A Nov. 19 story by Dennis Volman, ``Killing of Honduran Army officer linked to testimony in US,'' stated that ``there is widespread suspicion that the death of Maj. Ricardo Zuniga Morazan in Honduras in September is tied to information he gave Senate intelligence committees [sic], congressmen, and ranking congressional staffers earlier this year and in 1984.'' Major Zuniga never appeared, formally or informally, before the Select Committee on Intelligence nor did he, as far as we can determine based on our records and conversations with the staff, ever meet with members of the staff.
We are, of course, aware of reports from Honduras last year concerning alleged death-squad activity in that country, as well as recent stories that Major Zuniga's death was linked in some way to this issue.
There is, however, absolutely no basis for the claim that the death of Major Zuniga was related in any way to information he is supposed to have provided to our committee or its staff.
We note, furthermore, that your reporter apparently did not attempt to clarify this matter with the committee before writing these remarks. Dave Durenberger Select Committee on Chairman Intelligence Patrick Leahy United States Senate Vice Chairman Washington [Editor's note: The Monitor reaffirms that Ricardo Zuniga did meet with staff members of both the House and Senate Intelligence Committees. One of the sources for Dennis Volman's story was present at a meeting between Mr. Zuniga and a staff member of the Senate Intelligence Committee. Other sources for the story heard about the meeting from Zuniga himself.
It is true that Zuniga's meetings with both House and Senate staff members were informal; he did not submit sworn testimony. One of the references in the story refers to Zuniga's ``testimony'' and is therefore inaccurate and flowed from an editing error which the Monitor regrets. As the story made clear, Zuniga also spoke to many other people in Washington including congressmen, ranking congressional staffers, and journalists. The substance of what Zuniga said did get back to Honduran authorities, causi ng him some difficulties; however, the Monitor has no reason to believe that the Senate Intelligence Committee was responsible for the leak rather than any of the other people with whom Zuniga spoke.]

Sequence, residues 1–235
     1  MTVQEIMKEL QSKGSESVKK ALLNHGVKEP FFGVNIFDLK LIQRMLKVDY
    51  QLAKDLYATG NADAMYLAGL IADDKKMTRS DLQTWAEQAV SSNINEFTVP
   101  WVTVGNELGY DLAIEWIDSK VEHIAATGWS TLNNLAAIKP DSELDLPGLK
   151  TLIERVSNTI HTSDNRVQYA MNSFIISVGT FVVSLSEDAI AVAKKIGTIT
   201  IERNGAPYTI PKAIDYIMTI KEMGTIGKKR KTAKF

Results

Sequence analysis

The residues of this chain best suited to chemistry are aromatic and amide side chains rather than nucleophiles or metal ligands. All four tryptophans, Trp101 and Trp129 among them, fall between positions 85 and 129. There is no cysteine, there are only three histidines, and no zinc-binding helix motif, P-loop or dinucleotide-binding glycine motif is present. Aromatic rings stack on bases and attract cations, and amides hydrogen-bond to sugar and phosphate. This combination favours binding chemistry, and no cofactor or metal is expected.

I would like to supplement Dennis Volman's excellent article on the testimony of the recently murdered Maj. Ricardo Zuniga. I organized and arranged for most of the meetings that Major Zuniga held in Washington in spring 1984 and January 1985.
The major point missing in the story is also the reason Major Zuniga overcame serious personal reservations and decided to speak with people in Congress. He had received what he regarded as reliable information that there was a concerted effort by United States intelligence agencies to force 21 officers of the Honduran Army out of the chain of command and five of these, including himself, completely out of the Army.
It was his understanding that these officers had been singled out for their opposition to aspects of United States policy and the byproducts of US policy. Specifically, he was very concerned about the human rights situation. He said that in 1981 the United States had helped set up a special operations battalion, Battalion 306. Battalion 306, according to Zuniga, was led by Maj. Alexander Hernandez, who at the direction of Gen. Gustavo Alvarez Martinez carried out kidnappings of citizens.
Throughout our conversations, Zuniga demonstrated strong concern about the nature and policies of the Nicaraguan government. As a result, he had strong sympathies for the Nicaraguan exile forces, particularly the Miskito Indians. Despite this, he was very troubled, as a Honduran military officer, by the involvement of FDN forces in the murder of Honduran citizens, and by the fact that the Honduran military was itself involved in these activities.
The solution, he and other young officers believed, was to pressure the United States, the FDN, and their own senior officers to purge from the FDN the individuals directly responsible for the human rights violations.
I do not know whether Major Zuniga's murder was motivated by political considerations. I do know that his decision to seek help in the US Congress was motivated by a desire to protect the sovereignty of the Honduran armed forces from interference by US officials, and because of his anger at the involvement of the Honduran Army in human rights violations similar to those that have occurred in El Salvador and Guatemala. He told me that ``Hondurans do not kill each other over politics.''
But Nicaraguans do, and from 1981 until early 1984 (at least) Nicaraguans were used by a couple of Honduran military commanders to carry out ``military intelligence'' operations that left perhaps 100 Hondurans dead. No action has been taken to bring those responsible to justice. Bruce P. Cameron Former Legislative Director Americans for Democratic Action Washinton